The secret to staying young
What you can wine up doing
Here's the thing I've begun to increasingly notice: folks who keep themselves busy, on the go, and fully engaged with their lives tend to stay a lot younger both spiritually and physically. My mother-in-law Betty and her partner Frank, both in their '80s, are prime examples of this. This year alone, they've been to Italy, France, UK, and on a cruise in the Aegean sea, and that was for the first quarter of 2016! Since then, they've also travelled to Rio for the Olympics, and are now in Italy and France, partly for work and partly for pleasure. Ditto my godfather Graham Inns, who is on the cusp of celebrating his eighth decade milestone on this planet. He leaves for a five-week holiday this Saturday, and when not globetrotting, is the patron of a wine-bottling club that he founded in 1966.
But let's make no mistake, these octogenarians are by no means dilettantes. They've lived productive lives (Graham was the director of tourism for South Australia for many decades) and continue to do so, but it's their continuing passion and appetite for living life to the fullest which I find most entrancing and inspiring.
Founding a club that regularly undertakes to purchase 600 litres of wine from wine growers and then transporting said barrels to an appointed venue and bottling the wine isn't quite the same as a weekly tai chi gathering in the park with your closest mates. It requires resourcefulness, creative thinking, and most of all an immense capacity to keep things going—and interesting!—for half a century. Looking through the album of wine labels that have graced the multitudinous bottles they have, well, bottled over the years, it's evident that this is a club peopled by members who have a rapacious appetite for life, and perhaps, ultimately, that is what matters most.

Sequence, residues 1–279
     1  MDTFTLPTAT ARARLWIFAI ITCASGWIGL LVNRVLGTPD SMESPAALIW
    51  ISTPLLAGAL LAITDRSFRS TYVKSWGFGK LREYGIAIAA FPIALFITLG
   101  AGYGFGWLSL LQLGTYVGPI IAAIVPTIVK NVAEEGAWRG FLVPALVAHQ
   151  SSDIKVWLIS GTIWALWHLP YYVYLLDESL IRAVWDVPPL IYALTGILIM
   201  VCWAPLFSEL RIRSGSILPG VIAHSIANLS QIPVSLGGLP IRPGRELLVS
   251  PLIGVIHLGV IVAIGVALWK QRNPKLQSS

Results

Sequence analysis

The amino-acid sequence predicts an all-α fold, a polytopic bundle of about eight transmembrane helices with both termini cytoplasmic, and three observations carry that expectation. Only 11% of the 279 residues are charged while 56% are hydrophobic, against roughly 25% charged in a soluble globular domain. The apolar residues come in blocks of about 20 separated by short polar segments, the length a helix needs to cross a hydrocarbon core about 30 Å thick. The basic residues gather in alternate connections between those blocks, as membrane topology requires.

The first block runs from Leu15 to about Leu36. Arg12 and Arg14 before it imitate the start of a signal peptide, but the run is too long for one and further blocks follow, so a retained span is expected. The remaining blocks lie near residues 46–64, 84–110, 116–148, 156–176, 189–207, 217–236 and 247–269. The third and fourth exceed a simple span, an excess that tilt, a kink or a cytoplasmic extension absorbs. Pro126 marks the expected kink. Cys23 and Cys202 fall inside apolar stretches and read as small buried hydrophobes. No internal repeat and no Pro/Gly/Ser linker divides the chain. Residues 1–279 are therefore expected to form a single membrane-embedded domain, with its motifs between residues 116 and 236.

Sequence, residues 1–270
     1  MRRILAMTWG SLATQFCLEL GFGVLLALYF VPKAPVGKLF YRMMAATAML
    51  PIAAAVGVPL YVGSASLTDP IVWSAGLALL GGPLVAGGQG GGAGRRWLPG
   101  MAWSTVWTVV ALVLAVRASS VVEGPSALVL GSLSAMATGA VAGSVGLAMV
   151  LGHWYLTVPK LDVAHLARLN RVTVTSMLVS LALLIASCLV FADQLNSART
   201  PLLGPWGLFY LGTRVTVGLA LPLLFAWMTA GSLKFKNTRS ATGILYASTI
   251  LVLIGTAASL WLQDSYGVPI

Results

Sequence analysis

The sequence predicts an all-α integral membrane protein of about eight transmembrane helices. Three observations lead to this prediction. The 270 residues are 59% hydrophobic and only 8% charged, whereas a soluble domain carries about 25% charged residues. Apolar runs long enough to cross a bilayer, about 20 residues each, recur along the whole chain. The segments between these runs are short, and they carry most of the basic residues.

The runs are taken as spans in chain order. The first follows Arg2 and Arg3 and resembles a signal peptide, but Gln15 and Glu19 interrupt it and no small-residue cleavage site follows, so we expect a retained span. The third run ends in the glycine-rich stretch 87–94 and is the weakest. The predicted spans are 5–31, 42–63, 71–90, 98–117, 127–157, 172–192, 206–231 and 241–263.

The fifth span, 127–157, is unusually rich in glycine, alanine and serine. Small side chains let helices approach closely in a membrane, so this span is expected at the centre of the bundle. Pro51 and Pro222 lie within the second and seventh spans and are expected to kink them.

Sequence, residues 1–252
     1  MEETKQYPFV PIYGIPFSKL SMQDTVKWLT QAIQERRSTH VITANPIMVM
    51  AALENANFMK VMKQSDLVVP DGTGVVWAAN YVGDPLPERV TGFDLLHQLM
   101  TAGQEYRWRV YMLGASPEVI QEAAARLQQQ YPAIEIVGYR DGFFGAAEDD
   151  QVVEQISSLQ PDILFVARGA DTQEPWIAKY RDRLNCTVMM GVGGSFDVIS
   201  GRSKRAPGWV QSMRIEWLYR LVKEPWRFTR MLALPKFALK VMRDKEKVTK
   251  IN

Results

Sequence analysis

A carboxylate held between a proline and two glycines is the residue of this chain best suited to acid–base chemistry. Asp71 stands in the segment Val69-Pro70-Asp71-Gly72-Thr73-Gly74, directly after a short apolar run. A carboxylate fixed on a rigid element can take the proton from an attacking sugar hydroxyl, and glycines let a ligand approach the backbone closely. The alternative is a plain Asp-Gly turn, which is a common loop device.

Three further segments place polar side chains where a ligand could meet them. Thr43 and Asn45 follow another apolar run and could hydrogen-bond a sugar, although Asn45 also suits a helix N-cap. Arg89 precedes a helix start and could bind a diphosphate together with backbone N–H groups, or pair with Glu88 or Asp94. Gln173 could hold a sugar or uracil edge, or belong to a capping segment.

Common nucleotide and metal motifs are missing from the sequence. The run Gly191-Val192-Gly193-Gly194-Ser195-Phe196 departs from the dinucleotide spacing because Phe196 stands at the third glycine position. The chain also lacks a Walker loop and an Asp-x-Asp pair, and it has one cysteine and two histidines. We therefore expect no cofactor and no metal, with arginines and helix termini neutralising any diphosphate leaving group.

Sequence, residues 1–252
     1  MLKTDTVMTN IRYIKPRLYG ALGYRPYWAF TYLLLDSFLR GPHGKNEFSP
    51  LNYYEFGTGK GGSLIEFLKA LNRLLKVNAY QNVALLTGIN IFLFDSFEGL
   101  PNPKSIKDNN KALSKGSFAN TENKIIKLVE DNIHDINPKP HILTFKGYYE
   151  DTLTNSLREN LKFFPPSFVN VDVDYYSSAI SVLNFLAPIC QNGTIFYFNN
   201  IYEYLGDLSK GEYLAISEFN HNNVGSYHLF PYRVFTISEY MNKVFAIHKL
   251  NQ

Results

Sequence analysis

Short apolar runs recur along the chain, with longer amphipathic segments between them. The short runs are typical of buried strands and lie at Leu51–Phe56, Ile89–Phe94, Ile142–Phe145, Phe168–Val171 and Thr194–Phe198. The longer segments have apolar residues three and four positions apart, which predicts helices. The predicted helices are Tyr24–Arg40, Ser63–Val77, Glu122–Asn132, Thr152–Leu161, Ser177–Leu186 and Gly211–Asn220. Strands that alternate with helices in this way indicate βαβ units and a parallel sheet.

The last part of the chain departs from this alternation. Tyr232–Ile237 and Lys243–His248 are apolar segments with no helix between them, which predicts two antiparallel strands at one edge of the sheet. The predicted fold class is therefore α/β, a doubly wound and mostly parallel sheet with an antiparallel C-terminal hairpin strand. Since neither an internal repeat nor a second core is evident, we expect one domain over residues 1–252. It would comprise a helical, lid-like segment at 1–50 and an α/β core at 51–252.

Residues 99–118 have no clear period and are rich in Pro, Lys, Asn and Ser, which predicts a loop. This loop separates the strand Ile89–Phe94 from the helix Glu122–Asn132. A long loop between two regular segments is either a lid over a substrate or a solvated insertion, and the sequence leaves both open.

During these bottling gatherings, members are divided into groups, some to siphon the wine from barrel to bottle, some to top up the wine to a precise point just below the cap, while yet others cap the bottles and stick the labels on. More than just engaging in a hobby that is unusual and entertaining, it's the perfect opportunity for old friends to catch up and shoot the breeze while preparing the wine they will eventually partake in with loved ones. What could be better than that?
In Malaysia, organising copious quantities of wine in barrels for such a club might not be financially or logistically feasible, but I think the message in this is to challenge ourselves and not be confounded by—or confined to—the boundaries of convention. Get a group of like-minded friends together and start a jam making club (that you could then sell and donate the proceeds to charity), or corral buddies with an appetite for physical activity and task yourselves with preparing hot meals for the aged and homeless.
Because, believe me, the minute you allow yourself the luxury of feeling your advancing years, whatever they may be, and start to point out body aches real or imagined, and your unsuitability for a certain sport, is the moment you may as well lie down and wait for death. Your mind and body are either your greatest assets or your worst enemy. Whether you choose to keep both happily on the boil or succumb to a sedentary life will decide whether you wind up like Betty, Frank and Graham, or as a person from whom joie de vivre has crept away silently in the night, never to return. I for one know which camp I'll be hanging out with.
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